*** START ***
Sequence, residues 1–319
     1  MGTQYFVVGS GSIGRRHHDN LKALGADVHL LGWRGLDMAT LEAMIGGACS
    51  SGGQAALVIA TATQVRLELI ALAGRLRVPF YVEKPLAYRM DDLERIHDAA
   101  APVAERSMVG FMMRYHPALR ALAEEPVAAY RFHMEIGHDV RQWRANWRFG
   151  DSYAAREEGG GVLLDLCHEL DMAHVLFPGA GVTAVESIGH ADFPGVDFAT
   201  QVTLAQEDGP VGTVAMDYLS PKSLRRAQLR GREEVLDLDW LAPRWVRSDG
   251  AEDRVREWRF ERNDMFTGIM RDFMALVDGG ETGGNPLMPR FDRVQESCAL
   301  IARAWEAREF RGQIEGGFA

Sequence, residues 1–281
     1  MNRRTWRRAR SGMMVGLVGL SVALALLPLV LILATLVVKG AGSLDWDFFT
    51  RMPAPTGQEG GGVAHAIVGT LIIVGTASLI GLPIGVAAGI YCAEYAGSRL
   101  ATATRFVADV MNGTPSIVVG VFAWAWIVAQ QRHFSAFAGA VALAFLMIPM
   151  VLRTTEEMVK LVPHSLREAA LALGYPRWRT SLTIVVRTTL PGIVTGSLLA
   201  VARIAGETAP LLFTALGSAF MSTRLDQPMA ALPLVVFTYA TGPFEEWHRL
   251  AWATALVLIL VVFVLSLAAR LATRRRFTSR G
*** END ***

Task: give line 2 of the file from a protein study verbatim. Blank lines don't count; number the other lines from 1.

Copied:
     1  MGTQYFVVGS GSIGRRHHDN LKALGADVHL LGWRGLDMAT LEAMIGGACS